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Criticism erupts over tooth shown at Holocaust memorial ceremony

BERLIN—Almost everything about the Memorial to the Murdered Jews of Europe, Germany's newest monument to the victims of Nazi terrorism, has been controversial. Now, a tooth intended as an emotional tribute to victims has angered Jews just days after the memorial's dedication.

Lea Rosh brandished the tooth Tuesday during the memorial's opening ceremony. Rosh, the driving force behind the memorial, said she'd picked it up 17 years ago near a mass grave in Belzec, a Polish concentration camp. She vowed then to create a monument and had carried the tooth with her since. She announced that she would place the tooth in one of the 2,711 concrete columns that make up the memorial.

That's where the problems started.

"When she held up the tooth, I thought I might vomit," said Albert Meyer, the chairman of the Berlin Jewish Community. "Had she actually been carrying a piece of a dead Jew in her pocket for 17 years?"

Meyer said the Jewish community was indebted to Rosh for years of dedication, but that the Hollywood-esque flourish of the tooth was in shockingly bad taste.

"I've consulted with many rabbis on this, and there's no way to say that it honors our traditions, that it's anything but disgusting," he said, adding that the tooth should be reburied, either in a Jewish cemetery or back in Belzec. "This looks like a way of telling the world it's her personal monument."

Rosh, whose office said she was unavailable Thursday, was quoted by German news outlets as saying the controversy was overblown, that her actions were out of respect. She said she'd consulted with a rabbi before deciding to place the tooth in the memorial. Only entire corpses or large body parts needed to be buried in Jewish cemeteries, she said.

"My critics need to get better informed," she told DDP, a German wire service.

It's not the first time she's come in for criticism.

Without fail, government officials and Jewish groups credit her for momentum and direction for the project, which was financed with $35 million that the German Parliament approved in 1999. But many of the same people criticize her for grandstanding and for claiming too much ownership of a public project. In media reports, she's even been called a "Holocaust Cassandra" and a "professional Jew," though her Jewish identity is debatable: While her maternal grandfather was Jewish, she was baptized a Protestant and told a German magazine she's an atheist.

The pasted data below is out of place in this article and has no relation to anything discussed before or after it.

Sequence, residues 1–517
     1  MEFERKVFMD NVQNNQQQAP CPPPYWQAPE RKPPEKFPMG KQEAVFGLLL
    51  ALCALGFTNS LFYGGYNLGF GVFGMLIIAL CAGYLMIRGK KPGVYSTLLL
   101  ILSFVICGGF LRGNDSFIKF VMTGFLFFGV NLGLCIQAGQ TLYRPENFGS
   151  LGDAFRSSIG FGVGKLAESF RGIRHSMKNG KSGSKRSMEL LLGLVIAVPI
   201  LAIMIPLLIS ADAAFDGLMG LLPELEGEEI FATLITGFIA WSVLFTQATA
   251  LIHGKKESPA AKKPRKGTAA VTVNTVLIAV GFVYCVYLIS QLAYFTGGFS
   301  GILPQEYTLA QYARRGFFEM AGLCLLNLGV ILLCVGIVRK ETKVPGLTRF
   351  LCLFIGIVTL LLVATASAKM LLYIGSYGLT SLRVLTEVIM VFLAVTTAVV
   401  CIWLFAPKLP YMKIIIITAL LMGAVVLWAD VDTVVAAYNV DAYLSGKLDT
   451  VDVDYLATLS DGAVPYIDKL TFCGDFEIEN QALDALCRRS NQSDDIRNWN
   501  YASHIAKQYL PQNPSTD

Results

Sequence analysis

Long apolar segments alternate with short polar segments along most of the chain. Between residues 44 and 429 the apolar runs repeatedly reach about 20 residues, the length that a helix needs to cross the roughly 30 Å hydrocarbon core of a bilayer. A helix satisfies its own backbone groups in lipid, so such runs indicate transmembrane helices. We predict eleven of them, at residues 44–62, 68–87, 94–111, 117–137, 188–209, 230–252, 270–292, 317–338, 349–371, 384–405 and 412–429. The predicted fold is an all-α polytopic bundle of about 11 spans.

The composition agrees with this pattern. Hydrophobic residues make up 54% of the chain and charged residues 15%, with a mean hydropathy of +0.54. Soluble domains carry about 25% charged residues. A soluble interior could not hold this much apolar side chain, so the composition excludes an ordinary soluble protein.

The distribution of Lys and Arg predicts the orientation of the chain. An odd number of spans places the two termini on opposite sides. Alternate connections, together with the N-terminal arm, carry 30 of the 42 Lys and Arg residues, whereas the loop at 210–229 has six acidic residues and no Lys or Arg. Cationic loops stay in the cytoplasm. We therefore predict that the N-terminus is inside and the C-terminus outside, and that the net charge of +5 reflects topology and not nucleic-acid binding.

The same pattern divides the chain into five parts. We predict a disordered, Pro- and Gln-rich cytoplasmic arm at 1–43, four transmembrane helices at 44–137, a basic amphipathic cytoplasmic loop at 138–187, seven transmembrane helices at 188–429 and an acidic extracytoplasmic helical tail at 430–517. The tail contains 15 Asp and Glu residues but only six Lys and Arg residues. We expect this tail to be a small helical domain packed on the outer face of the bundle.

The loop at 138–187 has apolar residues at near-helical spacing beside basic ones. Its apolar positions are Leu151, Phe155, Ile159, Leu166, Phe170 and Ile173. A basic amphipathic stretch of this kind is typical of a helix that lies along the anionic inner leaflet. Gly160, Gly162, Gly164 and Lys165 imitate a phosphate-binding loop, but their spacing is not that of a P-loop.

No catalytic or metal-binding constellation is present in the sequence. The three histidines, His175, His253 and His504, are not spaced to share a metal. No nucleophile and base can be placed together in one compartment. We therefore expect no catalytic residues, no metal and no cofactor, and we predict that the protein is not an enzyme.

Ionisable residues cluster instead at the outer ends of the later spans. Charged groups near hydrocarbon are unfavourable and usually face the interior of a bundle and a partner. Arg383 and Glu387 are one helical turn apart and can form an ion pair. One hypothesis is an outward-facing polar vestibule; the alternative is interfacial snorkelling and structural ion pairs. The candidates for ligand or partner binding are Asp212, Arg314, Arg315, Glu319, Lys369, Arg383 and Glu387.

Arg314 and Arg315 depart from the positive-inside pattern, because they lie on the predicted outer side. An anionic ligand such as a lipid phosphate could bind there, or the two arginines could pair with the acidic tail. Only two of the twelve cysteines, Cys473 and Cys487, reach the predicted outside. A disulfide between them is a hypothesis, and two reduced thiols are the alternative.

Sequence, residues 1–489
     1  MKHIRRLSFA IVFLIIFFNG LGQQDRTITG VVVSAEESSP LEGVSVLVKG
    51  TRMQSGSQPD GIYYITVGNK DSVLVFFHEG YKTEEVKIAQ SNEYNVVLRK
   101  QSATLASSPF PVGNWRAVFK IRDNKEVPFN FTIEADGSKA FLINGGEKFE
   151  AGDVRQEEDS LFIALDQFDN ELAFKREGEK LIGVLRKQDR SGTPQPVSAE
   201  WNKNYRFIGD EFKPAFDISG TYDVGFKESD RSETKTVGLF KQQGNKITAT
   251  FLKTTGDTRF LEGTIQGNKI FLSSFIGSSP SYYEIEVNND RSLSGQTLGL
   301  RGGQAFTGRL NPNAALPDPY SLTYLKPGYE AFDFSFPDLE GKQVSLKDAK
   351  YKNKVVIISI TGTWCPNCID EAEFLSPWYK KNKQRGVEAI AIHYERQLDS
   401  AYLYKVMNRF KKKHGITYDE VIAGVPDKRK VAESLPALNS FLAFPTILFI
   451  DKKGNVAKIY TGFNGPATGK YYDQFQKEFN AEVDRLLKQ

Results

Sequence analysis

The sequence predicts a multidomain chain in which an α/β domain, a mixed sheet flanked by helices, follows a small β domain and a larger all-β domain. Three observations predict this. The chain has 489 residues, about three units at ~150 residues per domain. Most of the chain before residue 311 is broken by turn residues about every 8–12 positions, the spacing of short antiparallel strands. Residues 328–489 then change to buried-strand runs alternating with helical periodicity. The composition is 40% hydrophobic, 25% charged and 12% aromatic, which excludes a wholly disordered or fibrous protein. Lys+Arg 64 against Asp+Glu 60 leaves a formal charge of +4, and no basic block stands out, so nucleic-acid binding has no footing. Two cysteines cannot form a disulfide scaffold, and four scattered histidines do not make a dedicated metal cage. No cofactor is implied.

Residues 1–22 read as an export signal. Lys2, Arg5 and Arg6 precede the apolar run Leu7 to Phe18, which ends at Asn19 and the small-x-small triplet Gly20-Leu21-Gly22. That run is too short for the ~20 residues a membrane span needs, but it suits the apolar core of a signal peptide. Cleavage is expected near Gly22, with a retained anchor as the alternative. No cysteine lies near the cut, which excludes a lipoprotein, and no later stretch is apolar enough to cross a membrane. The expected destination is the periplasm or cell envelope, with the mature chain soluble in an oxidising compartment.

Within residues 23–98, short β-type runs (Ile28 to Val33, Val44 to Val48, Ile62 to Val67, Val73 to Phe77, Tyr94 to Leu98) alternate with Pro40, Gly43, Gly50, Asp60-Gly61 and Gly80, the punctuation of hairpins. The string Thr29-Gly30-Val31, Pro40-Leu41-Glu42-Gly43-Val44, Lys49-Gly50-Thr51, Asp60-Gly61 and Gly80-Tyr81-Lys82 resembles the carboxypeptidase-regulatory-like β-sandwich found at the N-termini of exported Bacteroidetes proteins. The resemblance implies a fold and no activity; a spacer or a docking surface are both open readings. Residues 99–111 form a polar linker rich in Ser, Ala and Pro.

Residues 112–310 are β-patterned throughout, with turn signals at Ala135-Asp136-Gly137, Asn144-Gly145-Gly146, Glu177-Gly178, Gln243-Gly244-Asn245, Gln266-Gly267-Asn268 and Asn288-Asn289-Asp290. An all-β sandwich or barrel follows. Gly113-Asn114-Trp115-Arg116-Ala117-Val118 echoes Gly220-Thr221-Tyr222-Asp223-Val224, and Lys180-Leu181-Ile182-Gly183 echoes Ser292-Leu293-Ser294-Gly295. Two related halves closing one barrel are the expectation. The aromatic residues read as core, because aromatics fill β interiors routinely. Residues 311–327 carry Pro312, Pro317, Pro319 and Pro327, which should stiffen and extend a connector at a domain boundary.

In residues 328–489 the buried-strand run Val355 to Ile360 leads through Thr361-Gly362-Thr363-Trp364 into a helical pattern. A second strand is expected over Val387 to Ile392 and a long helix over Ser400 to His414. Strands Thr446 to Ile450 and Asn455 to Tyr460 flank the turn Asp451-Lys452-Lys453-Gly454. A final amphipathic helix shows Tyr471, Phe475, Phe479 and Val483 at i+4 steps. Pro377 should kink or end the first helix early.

Wolfgang Thierse, the president of the parliament, noted that the first he'd heard of the tooth was during Tuesday's ceremony, despite the fact that he's been deeply involved in the project for years.

Thursday, the first day the memorial was open to the public, hundreds of visitors wandered among its rectangular blocks, arranged on a rolling floor. Newspapers, however, were filled with outrage.

Berliner Zeitung, in a commentary headlined, "Lea's Cult of Relics," criticized Rosh for trying to claim private rights to a public memorial, and even noted: "We don't know if the tooth belonged to a victim, or perhaps a perpetrator. We will never know."

The tabloid Berliner Kurier ran a full-page photo of her holding up the tooth at the ceremony, next to the words, "Lea Rosh proudly presents her concentration camp trophy."

The respected Sueddeutsche Zeitung simply noted that "Jews consider boycott."

Paul Spiegel, the president of the German Central Council of Jews, who spoke alongside Rosh at the dedication, said he appreciated all the work Rosh had put in on the memorial. But, he added, body parts can't be taken from graves and placed randomly.

"I'm appalled," he said in an interview with Der Spiegel magazine. "This is irreverent behavior."


(c) 2005, Knight Ridder/Tribune Information Services.

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